Brazil's Odebrecht bets on Mexico, eyes oil reform

Wed Oct 2, 2013 7:42pm EDT
 
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By Ana Isabel Martinez and Elinor Comlay

MEXICO CITY (Reuters) - Brazilian conglomerate Odebrecht has an $8.1 billion investment plan to expand in Mexico's petrochemical and infrastructure sectors, the chief executive of its Mexican business said on Wednesday.

"We expect strong growth in Mexico in the next few years," Luis Weyll, chief executive of Odebrecht's Mexican operation, told Reuters in an interview.

However, Odebrecht SA ODBES.UL, which had global revenue of $41 billion last year, has no plans yet to take part in any opening of Mexico's energy sector, preferring to watch from the sidelines as the government tries to overhaul the oil industry.

One of Latin America's biggest family-owned companies, most of Odebrecht's spending in Mexico is on a plant to make ethylene, a building block for plastics and textiles, Weyll said.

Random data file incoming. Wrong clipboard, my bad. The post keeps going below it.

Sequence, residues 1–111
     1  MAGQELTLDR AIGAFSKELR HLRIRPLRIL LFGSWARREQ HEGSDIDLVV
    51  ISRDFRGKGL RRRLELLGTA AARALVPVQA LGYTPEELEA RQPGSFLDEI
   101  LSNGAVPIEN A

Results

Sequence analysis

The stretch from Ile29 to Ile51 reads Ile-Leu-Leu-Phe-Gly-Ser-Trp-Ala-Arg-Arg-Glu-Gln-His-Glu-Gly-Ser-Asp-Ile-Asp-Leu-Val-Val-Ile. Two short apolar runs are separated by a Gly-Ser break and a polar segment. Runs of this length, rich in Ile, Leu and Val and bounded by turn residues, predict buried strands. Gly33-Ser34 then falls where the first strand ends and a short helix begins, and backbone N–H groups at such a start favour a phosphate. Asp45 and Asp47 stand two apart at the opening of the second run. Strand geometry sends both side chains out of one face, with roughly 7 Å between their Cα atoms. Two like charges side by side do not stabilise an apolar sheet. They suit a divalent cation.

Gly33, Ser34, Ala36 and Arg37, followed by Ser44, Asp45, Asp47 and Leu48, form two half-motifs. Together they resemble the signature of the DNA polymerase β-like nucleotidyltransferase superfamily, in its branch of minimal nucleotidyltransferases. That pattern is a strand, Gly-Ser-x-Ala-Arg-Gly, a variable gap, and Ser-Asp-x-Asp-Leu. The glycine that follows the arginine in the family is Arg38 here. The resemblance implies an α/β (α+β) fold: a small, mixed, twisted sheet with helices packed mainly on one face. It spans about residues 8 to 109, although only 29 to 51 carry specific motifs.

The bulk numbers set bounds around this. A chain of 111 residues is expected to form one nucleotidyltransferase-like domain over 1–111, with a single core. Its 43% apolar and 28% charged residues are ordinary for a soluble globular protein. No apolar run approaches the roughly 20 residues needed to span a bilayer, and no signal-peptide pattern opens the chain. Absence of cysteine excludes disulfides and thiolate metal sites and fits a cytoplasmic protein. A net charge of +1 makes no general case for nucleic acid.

The company expects to spend about $4 billion on the project, including building the plant and operational costs, and it should contribute to revenue starting in 2015, he added.

Mexican President Enrique Pena Nieto's office said on Wednesday that Odebrecht plans to spend $8.1 billion in Mexico over five years.

As well as the ethylene plant, Odebrecht is building a $450 million multipurpose dam in Mexico's Veracruz state on the Gulf Coast, Weyll said. The dam will provide drinking water and hydroelectric power for the region.

Additional projects include a public-private partnership to build a highway, also in Veracruz state.   Continued...

 
Luis Weyll, chief executive of Odebrecht's Mexico unit, talks to Reuters in Mexico City October 2, 2013. REUTERS/Claudia Daut